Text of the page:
Growing from humble origins as a Viking fishing village in the 10th century, Copenhagen is now the largest city in Scandinavia with over two million people living in its metropolitan area. As well as being the capital of Denmark, the city is the country’s main economic and tourist centre which attracts millions of short-break visitors every year. It is also a popular destination for cruise ships embarking on Baltic cruises to the likes of Helsinki, Tallinn, Riga, Stockholm and St. Petersburg. This year alone more than 300 cruise ships will visit Copenhagen bringing with them almost 750,000 cruise passengers.
The city itself lies on the east coast of Denmark just 35 minutes by train from the Swedish city of Malmö by way of the 16.4km long Øresund Bridge. This impressive structure recently featured in an excellent Scandinavian crime drama simply called ‘The Bridge’ and is well worth looking out for as you approach or depart from Copenhagen. Only a few years ago the bridge was in the news when Royal Caribbean International’s $1.5 billion cruise ship Allure of the Seas went under the Øresund Bridge with just inches to spare.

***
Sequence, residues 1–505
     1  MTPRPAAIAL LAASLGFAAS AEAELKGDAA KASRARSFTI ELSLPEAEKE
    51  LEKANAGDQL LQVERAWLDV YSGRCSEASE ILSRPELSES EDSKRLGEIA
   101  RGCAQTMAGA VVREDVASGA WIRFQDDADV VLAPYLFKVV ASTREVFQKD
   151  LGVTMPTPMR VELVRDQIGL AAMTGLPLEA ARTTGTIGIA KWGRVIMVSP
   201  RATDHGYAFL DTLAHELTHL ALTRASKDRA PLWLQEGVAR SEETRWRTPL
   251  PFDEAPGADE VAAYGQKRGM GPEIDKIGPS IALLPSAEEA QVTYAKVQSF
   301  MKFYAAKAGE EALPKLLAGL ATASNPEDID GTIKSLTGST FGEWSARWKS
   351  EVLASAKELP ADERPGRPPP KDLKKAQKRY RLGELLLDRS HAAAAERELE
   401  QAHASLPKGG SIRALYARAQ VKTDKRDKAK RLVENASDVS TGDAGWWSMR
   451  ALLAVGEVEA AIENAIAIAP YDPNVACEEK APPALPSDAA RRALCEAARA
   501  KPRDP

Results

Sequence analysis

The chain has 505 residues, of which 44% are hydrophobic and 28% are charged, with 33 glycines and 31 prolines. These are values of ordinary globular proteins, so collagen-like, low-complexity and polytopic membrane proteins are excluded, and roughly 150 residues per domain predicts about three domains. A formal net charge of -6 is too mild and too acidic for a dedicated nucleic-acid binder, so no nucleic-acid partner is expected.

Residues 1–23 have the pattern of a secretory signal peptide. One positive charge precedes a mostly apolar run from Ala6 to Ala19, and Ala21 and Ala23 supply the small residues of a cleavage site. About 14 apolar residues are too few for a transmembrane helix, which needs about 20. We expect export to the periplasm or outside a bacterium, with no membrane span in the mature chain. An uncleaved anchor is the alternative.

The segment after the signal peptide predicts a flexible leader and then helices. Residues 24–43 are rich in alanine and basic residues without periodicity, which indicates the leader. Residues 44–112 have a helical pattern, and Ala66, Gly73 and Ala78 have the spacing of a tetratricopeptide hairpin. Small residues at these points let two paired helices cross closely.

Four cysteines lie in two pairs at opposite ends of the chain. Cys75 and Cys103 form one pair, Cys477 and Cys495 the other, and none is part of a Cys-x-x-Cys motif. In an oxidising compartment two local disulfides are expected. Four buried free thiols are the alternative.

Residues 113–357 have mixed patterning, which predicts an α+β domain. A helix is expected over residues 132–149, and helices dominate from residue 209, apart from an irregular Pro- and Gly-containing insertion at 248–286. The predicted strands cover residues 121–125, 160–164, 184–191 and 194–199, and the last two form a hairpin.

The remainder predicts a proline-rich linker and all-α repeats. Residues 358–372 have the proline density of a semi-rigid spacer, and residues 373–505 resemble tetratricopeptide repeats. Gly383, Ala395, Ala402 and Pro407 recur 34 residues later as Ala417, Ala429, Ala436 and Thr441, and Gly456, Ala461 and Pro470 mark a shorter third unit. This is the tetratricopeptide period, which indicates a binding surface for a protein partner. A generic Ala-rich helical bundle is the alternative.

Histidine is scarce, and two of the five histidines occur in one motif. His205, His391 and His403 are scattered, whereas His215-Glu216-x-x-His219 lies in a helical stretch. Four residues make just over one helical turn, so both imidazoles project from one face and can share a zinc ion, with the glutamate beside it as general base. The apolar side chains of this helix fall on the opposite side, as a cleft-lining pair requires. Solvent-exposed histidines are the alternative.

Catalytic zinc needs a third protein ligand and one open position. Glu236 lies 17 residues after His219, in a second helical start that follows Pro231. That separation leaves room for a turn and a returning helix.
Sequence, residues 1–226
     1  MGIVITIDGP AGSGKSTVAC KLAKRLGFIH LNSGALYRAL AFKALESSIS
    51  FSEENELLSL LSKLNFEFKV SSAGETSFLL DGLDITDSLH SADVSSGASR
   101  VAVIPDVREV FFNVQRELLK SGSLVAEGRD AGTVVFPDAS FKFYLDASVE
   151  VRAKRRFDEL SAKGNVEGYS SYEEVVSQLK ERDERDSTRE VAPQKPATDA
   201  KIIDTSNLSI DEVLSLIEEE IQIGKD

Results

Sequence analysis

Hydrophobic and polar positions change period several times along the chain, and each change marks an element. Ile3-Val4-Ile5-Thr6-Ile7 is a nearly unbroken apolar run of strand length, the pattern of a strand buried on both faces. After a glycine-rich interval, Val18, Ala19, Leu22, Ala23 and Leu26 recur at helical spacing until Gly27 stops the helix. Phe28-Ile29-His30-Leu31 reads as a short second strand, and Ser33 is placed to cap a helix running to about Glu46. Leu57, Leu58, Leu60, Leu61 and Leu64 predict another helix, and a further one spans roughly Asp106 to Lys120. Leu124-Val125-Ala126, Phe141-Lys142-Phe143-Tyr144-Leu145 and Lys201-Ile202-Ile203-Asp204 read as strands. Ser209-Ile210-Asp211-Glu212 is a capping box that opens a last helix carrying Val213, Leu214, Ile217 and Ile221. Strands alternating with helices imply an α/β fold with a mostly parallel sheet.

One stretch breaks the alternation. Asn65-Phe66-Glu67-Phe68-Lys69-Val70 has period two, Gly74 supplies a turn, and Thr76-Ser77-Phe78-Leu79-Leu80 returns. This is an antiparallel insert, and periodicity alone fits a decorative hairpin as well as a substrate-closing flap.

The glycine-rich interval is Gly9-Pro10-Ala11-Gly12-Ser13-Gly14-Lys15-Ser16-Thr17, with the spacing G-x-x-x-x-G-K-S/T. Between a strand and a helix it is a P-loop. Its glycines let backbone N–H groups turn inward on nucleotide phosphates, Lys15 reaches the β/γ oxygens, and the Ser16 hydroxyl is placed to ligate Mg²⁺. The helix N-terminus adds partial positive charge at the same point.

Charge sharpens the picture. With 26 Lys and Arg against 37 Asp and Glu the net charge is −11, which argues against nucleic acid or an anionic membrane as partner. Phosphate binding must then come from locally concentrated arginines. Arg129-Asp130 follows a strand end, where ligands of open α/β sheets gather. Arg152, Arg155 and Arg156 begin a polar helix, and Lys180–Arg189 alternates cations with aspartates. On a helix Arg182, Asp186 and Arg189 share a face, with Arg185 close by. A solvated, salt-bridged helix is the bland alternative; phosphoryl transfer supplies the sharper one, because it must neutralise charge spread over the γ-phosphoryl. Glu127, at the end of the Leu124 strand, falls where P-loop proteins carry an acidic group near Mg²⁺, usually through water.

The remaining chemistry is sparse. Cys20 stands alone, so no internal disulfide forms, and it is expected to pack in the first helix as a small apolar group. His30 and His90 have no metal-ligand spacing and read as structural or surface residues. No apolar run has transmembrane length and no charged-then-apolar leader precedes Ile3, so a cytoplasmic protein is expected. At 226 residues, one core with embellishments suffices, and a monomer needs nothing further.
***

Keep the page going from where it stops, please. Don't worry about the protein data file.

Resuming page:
Insider Tip: If you’re visiting during the summer months be prepared for more than 17 hours of daylight as occurs in these northerly latitudes with sunrise around 4.30am.
Copenhagen is blessed with a plethora of historic buildings scattered around its small city centre together with a series of lovely parks and charming streets adjacent to its canals. Coffes and restaurants abound in this fairy-tale destination which will undoubtedly prove to be one of the many highlights of your Baltic cruise.
Port of Copenhagen